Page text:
AP Was There: NBA approves plans to launch WNBA

February 23, 2022 GMT
FILE - Members of the WNBA teams model the uniforms they will wear in the upcoming season May 21, 1997, in New York. The NBA recognized the popularity of the women's game with the league's Board of Governors approving plans to start a new pro basketball league in the summer of 1997. (AP Photo/Bebeto Matthews, File)
FILE - Members of the WNBA teams model the uniforms they will wear in the upcoming season May 21, 1997, in New York. The NBA recognized the popularity of the women's game with the league's Board of Governors approving plans to start a new pro basketball league in the summer of 1997. (AP Photo/Bebeto Matthews, File)
FILE - Members of the WNBA teams model the uniforms they will wear in the upcoming season May 21, 1997, in New York. The NBA recognized the popularity of the women's game with the league's Board of Governors approving plans to start a new pro basketball league in the summer of 1997. (AP Photo/Bebeto Matthews, File)
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FILE - Members of the WNBA teams model the uniforms they will wear in the upcoming season May 21, 1997, in New York. The NBA recognized the popularity of the women's game with the league's Board of Governors approving plans to start a new pro basketball league in the summer of 1997. (AP Photo/Bebeto Matthews, File)
1 of 5
FILE - Members of the WNBA teams model the uniforms they will wear in the upcoming season May 21, 1997, in New York. The NBA recognized the popularity of the women's game with the league's Board of Governors approving plans to start a new pro basketball league in the summer of 1997. (AP Photo/Bebeto Matthews, File)

The NBA recognized the popularity of the women’s game in 1996 as its Board of Governors approved plans to start a new pro basketball league the following summer. The board approved the Women’s National Basketball Association (WNBA) to begin play in June 1997 with the slogan of “We Got Next.” It started with plans for eight teams to play a 25- to 30-game schedule over 10 weeks in NBA cities. The Associated Press is republishing verbatim the story of the NBA Board of Governor’s decision on April 24, 1996:

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By HAL BOCK

AP Sports Writer

NEW YORK — The NBA, recognizing the popularity of the women’s game, intends to start a new pro basketball league for them in the summer of 1997.

“We are working on the concept,” commissioner David Stern said after the NBA Board of Governors approved the idea. “It’s all tentative. It’s a working model, subject to lots of changes.”

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Stern promised details about television arrangements, the number of teams and the cities in which they will operate by July 1.

“We are excited about the prospects of using the assets of the NBA and its teams to give life to a concept which is ready to bloom,” Stern said.

The league expects to play from mid-June to mid-August and Val Ackerman, NBA director of business affairs and liaison with the U.S. women’s national team, said she anticipates eight teams playing a 25-30 game schedule over 10 weeks in NBA cities.

Stern sees no conflict with the American Basketball League, a women’s circuit which plans to play in the winter.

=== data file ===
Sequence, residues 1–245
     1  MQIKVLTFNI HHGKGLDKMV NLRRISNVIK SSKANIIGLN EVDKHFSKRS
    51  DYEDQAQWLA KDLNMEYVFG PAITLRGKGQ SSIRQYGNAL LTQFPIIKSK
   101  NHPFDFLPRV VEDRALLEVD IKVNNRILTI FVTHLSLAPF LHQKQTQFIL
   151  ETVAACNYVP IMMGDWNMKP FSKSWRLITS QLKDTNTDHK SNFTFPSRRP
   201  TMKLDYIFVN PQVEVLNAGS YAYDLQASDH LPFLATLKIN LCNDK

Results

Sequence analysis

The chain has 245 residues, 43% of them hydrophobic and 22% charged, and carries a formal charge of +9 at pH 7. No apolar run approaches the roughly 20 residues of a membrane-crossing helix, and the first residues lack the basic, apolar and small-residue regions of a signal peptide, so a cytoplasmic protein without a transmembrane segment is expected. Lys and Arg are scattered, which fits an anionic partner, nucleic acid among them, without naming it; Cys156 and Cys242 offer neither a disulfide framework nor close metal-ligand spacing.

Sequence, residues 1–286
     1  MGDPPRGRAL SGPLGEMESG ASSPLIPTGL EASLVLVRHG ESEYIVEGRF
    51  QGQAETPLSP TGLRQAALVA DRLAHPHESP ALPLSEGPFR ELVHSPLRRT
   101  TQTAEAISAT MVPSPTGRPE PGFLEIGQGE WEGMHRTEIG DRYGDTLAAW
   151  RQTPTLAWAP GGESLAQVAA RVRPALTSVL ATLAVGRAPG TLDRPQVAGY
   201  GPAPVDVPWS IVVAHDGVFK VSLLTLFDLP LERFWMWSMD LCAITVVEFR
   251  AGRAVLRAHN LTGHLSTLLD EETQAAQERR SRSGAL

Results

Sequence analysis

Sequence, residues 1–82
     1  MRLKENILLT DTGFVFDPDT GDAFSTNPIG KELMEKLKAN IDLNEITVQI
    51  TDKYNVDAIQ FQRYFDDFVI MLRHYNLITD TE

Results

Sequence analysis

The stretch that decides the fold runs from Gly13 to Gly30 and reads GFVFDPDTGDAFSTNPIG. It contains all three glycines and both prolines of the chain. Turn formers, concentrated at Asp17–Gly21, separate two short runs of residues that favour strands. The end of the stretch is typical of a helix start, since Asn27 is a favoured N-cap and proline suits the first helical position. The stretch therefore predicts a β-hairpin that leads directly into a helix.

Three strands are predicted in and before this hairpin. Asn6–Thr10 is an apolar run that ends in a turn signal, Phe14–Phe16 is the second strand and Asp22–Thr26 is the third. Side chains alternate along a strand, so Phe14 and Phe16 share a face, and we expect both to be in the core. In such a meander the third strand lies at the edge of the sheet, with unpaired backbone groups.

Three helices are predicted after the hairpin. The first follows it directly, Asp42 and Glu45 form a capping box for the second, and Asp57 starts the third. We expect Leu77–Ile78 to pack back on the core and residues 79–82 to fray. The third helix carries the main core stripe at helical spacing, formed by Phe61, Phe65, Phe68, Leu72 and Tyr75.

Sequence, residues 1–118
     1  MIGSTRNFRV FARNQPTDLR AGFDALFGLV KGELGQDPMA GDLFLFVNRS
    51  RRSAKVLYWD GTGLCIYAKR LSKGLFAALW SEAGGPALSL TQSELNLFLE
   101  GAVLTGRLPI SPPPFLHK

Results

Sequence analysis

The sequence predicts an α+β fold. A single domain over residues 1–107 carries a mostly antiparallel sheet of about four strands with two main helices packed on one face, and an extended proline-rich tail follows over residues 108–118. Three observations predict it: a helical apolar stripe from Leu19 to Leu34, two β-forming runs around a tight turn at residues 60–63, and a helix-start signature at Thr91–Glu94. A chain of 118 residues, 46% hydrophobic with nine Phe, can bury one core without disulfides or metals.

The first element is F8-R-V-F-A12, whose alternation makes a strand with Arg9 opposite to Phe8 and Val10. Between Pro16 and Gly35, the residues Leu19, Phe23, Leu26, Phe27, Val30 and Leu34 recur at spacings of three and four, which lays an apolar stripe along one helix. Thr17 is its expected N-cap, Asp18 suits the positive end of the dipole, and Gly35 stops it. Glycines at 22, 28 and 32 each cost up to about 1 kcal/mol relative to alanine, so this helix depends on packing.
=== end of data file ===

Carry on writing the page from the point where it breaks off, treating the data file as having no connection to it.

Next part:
“I don’t think it will be a conflict,” Stern said. “Players can pursue whatever opportunities they wish in the off-season, whether in Europe or in other pro leagues.

“Summertime is best for success from our perspective. We think the summer gives access to the best talent in the world. Play in other leagues would be allowed and encouraged. Like they say in the ad: ‘It’s about time.’ We are excited about the concept.”

In Europe, Ackerman said, good players earn from $1,500 a month to as much as $200,000 to $300,000 per year. “The average is about $70,000 and the best players get six figures,” she said.

Stern said the NBA concept is to launch the league as a single enterprise. Players would sign contracts with the league and be dispersed to teams on the basis of territorial-competitive considerations as well as through a draft. He emphasized that all of this was tentative.

“Today was just to get board approval,” he said. “We will be working in places around the calendar to make sure this succeeds. Our best assets are our cities, our buildings and our staffs and they will be made available. We will hopefully show the world’s best women in the world’s best arenas. I can’t imagine better circumstances.”

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Stern said the board was enthusiastic about the concept. “There was a strong statement of interest that this is a good idea, a right idea,” he said. ”This is another opportunity to grow the sport of basketball.”

And, Stern said, he expects the NBA’s women’s league to be a success.

“We don’t enjoy failing,” he said. “We’ve raised the stakes and we’ll make it happen. That’s the way we are. It’s time and we’re going to do it.”

In other business Wednesday, the league approved sale of the Philadelphia 76ers from Harold Katz to Comcast, a cable television company, and decided three tiebreaks for the college draft.

Minnesota won a tiebreak with Dallas for one extra chance in 1,000 to move up in the lottery. Detroit won its tiebreak with Atlanta for the No. 18 and 19 positions and Cleveland won its tiebreak with New York for the No. 20 and 21 positions.

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AP Corporate Archives contributed to this report.

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